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Journal Article

Where, When and Why Brain Activation Differs for Bilinguals and Monolinguals during Picture Naming and Reading Aloud

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http://pubman.mpdl.mpg.de/cone/persons/resource/persons84042

Green DW, Grogan A, Pliatsikas C, Filippopolitis K, Ali N, Lee,  HL
Research Group Cognitive Neuroimaging, Max Planck Institute for Biological Cybernetics, Max Planck Society;

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Citation

Parker Jones, O., Green DW, Grogan A, Pliatsikas C, Filippopolitis K, Ali N, Lee, H., Ramsden S, Gazarian K, Prejawa S, Seghier, M., & Price, C. (2012). Where, When and Why Brain Activation Differs for Bilinguals and Monolinguals during Picture Naming and Reading Aloud. Cerebral Cortex, 22(4), 892-902. doi:10.1093/cercor/bhr161.


Cite as: http://hdl.handle.net/11858/00-001M-0000-0013-B7E4-0
Abstract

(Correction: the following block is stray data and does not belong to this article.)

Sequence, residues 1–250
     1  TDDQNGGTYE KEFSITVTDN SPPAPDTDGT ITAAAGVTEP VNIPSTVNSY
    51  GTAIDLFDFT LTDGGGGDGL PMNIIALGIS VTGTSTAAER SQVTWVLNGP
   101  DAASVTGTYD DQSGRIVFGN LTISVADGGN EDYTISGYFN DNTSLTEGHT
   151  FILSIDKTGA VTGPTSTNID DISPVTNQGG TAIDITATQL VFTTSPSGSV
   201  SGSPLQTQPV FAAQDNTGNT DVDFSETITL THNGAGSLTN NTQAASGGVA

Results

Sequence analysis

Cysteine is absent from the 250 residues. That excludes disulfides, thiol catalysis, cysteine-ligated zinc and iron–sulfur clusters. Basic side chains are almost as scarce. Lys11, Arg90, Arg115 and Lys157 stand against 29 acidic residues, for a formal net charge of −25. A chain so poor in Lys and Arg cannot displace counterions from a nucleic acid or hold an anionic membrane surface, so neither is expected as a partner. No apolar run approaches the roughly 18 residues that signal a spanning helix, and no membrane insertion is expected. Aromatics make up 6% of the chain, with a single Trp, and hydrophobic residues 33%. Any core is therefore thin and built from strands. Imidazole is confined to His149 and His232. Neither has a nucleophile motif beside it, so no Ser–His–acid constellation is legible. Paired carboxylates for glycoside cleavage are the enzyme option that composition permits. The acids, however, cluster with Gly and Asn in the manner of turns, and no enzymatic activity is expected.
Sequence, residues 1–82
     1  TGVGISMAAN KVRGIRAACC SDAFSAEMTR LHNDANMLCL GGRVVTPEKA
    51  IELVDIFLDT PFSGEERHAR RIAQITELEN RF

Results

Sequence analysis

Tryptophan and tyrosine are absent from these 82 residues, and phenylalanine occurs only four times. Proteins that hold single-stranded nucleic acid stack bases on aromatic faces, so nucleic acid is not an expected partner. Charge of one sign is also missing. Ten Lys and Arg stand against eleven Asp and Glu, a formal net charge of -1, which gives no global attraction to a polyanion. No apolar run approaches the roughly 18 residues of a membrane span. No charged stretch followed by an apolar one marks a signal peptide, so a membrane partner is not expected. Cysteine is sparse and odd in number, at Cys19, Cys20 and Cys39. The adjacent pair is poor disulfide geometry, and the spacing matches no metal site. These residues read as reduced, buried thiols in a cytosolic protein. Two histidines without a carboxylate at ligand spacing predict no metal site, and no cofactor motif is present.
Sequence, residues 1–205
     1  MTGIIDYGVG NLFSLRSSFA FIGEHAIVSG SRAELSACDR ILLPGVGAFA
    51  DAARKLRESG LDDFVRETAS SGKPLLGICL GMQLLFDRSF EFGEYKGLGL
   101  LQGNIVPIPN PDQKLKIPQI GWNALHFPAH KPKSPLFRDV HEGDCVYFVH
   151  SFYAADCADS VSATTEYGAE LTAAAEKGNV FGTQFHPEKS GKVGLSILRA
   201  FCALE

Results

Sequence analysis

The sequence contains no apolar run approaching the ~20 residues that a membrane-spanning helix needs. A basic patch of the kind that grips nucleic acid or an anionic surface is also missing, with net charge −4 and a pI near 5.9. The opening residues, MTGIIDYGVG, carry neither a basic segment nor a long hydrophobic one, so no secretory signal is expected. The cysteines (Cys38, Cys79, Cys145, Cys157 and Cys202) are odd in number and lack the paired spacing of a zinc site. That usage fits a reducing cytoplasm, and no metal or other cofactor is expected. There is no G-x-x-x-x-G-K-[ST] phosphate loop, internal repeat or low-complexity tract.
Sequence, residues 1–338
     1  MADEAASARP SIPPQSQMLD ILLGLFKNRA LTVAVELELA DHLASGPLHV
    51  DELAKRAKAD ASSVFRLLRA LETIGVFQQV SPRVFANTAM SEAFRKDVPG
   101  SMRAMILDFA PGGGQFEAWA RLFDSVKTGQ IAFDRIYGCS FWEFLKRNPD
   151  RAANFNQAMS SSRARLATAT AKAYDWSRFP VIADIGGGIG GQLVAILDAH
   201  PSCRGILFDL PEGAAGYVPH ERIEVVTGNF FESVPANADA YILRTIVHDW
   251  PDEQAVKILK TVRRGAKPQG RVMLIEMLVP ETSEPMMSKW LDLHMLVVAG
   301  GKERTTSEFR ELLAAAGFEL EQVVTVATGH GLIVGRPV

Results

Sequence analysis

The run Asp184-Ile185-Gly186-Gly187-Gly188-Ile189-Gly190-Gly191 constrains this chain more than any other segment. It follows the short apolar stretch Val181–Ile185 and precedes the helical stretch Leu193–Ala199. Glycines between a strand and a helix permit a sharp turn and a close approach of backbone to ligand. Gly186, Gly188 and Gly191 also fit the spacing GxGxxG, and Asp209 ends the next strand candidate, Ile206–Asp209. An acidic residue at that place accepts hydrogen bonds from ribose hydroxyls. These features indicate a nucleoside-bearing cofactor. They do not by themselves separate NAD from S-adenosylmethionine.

Using functional magnetic resonance imaging, we found that when bilinguals named pictures or read words aloud, in their native or nonnative language, activation was higher relative to monolinguals in 5 left hemisphere regions: dorsal precentral gyrus, pars triangularis, pars opercularis, superior temporal gyrus, and planum temporale. We further demonstrate that these areas are sensitive to increasing demands on speech production in monolinguals. This suggests that the advantage of being bilingual comes at the expense of increased work in brain areas that support monolingual word processing. By comparing the effect of bilingualism across a range of tasks, we argue that activation is higher in bilinguals compared with monolinguals because word retrieval is more demanding; articulation of each word is less rehearsed; and speech output needs careful monitoring to avoid errors when competition for word selection occurs between, as well as within, language.